Some motorists with 30 or more penalty points on their licences have not been banned from driving, according to the Institute of Advanced Motorists (IAM).
Driver and Vehicle Licensing Agency (DVLA) figures showed that one woman from Isleworth in west London amassed 42 points last year, the IAM said.
Drivers face a temporary ban if they accumulate 12 points on their licence over a three-year period.
But magistrates can choose not to enforce a ban in exceptional cases.
In the Isleworth woman's case, the 42 points were all for failing to disclose the driver's identity.
The second-highest points total - 36 - for a person still driving went to a man from Warrington, Cheshire, who was caught driving without insurance six times in less than two weeks between February and March last year, the IAM said.
The institute also highlighted other drivers who had not been banned:
- A man from Southend with 30 points, who was caught speeding 10 times between March 2011 and August 2012
- A man from Blackburn with 29 points, who was caught speeding eight times between September and November 2011
- A man from Pevensey, East Sussex, with 24 points who was caught speeding six times in two weeks between September 30 and October 13 last year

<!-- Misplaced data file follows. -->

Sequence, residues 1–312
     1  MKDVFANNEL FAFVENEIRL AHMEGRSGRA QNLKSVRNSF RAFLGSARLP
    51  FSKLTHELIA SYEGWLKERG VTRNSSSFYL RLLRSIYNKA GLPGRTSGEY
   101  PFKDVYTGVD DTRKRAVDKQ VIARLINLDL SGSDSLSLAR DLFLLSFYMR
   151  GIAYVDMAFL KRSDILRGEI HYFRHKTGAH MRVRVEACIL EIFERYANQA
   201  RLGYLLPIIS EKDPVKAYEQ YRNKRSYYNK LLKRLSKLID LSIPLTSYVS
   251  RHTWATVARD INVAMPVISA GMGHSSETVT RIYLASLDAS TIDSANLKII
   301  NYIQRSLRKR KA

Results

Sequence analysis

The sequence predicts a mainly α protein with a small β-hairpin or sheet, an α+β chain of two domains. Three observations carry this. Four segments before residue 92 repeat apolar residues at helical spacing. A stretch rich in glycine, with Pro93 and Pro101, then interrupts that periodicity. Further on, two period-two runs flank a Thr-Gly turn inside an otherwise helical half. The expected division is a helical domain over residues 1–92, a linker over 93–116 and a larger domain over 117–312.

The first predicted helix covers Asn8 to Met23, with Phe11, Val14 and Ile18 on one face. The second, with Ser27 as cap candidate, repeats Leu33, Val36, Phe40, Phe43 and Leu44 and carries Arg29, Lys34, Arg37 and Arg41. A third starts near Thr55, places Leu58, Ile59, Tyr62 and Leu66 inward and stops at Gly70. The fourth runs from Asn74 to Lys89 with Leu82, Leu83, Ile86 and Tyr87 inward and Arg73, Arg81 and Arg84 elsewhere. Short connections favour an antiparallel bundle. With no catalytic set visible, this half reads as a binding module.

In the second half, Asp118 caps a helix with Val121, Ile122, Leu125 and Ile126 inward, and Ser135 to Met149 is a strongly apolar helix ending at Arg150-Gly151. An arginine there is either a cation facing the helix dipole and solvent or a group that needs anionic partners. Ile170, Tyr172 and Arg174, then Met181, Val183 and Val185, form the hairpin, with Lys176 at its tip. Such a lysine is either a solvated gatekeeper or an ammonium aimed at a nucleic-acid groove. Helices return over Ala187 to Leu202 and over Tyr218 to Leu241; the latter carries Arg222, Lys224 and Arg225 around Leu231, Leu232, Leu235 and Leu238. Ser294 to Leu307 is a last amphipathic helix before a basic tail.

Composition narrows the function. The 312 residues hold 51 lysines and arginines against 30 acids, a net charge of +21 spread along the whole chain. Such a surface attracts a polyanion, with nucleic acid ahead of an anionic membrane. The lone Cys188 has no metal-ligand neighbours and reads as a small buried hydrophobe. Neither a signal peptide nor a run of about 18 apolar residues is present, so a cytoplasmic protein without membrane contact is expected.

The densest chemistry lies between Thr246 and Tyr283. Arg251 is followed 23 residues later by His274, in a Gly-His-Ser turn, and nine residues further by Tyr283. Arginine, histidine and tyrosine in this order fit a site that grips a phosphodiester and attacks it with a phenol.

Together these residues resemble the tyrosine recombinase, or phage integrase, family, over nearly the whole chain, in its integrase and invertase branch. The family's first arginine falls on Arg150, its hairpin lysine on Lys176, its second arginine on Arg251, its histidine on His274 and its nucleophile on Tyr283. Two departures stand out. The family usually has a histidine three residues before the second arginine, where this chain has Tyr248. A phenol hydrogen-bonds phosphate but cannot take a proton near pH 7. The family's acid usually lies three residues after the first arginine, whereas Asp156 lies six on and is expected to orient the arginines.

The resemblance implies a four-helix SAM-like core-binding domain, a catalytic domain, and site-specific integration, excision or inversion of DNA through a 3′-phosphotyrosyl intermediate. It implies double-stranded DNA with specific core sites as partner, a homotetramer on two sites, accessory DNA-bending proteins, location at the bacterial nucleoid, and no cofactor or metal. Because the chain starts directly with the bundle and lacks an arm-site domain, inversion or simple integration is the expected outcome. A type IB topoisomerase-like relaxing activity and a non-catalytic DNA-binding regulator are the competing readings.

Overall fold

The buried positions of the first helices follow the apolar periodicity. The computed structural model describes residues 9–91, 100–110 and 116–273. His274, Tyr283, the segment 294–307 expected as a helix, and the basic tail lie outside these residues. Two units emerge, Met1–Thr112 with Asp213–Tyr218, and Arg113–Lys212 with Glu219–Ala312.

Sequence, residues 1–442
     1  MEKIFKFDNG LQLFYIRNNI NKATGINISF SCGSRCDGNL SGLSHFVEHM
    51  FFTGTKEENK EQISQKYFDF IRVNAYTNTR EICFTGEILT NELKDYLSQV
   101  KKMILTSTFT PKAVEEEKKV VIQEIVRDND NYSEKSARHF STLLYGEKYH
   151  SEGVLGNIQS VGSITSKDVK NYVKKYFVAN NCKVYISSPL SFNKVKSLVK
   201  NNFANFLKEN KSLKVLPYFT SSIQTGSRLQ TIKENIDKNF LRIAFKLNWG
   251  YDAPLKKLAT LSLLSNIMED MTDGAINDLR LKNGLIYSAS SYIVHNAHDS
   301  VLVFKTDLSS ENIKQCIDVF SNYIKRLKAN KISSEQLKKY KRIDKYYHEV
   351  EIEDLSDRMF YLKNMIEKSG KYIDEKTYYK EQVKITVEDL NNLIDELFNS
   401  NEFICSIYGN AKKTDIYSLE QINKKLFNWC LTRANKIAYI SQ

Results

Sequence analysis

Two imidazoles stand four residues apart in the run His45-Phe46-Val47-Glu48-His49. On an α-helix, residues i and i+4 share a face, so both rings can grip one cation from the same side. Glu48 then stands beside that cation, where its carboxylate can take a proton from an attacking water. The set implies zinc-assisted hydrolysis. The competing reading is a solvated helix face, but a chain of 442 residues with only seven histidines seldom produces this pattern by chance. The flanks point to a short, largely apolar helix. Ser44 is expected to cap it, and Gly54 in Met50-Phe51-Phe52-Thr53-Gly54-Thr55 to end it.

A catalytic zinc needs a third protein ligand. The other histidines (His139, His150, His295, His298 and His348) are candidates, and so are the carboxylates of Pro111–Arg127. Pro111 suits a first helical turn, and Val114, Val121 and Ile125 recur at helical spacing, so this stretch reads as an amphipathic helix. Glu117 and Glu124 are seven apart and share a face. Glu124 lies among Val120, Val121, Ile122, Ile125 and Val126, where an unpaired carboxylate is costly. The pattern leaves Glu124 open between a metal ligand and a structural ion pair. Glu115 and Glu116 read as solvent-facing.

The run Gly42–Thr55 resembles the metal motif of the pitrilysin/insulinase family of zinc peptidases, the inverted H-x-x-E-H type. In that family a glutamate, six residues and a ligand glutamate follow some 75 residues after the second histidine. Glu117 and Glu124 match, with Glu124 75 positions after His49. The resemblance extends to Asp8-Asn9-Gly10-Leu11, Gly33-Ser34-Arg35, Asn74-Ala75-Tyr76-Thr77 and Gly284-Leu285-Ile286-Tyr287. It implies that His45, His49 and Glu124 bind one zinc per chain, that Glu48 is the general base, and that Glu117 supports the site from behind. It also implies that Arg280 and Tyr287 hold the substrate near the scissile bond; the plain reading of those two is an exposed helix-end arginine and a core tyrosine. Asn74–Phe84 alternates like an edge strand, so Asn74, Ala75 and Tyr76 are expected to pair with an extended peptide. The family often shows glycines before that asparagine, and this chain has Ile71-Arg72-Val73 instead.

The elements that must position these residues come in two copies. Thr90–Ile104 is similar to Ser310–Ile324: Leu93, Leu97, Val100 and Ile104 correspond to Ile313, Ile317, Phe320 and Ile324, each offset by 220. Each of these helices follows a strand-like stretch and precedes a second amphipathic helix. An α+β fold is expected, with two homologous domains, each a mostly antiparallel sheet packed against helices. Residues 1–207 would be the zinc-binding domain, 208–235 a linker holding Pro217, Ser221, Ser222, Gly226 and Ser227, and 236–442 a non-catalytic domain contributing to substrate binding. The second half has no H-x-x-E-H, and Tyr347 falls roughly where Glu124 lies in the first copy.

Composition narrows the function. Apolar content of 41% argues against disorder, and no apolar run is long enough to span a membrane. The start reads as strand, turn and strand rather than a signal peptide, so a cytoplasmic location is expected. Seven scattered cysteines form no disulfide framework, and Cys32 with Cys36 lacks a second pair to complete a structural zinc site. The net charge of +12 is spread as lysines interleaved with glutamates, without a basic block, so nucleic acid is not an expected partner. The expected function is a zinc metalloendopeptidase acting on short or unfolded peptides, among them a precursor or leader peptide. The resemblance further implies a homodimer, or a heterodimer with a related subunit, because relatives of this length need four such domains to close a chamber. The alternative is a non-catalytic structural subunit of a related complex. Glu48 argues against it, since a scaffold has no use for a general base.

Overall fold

IAM chief executive Simon Best said: "DVLA and the courts service are upgrading their computer systems to ensure that offence information is shared more efficiently, but this is not due to be in place until October.
"When drivers with 10 speeding offences are getting away with holding a licence, these improvements cannot come quickly enough."
He added: "The IAM has no sympathy for owners who refuse to reveal the identity of the driver, and we would welcome an urgent consultation on new ways to deal with this problem.
"Drivers must expect that 12 points means a ban or the whole system falls into disrepute."
A spokesman for HM Courts & Tribunals Service said: "The vast majority of drivers who get 12 or more penalty points are fined and disqualified from driving.
"Magistrates can use their discretion to not enforce a driving ban if doing so would cause exceptional hardship, such as losing a job or the ability to care for a dependant. A fine will still be enforced.
"Only a very small number of cases are affected by the data-sharing issue and we are working closely with DVLA to improve this."
A DVLA spokesman said: "The DVLA's role is to record the information provided by the courts. The courts are able to use their discretion to decide whether or not to disqualify a driver."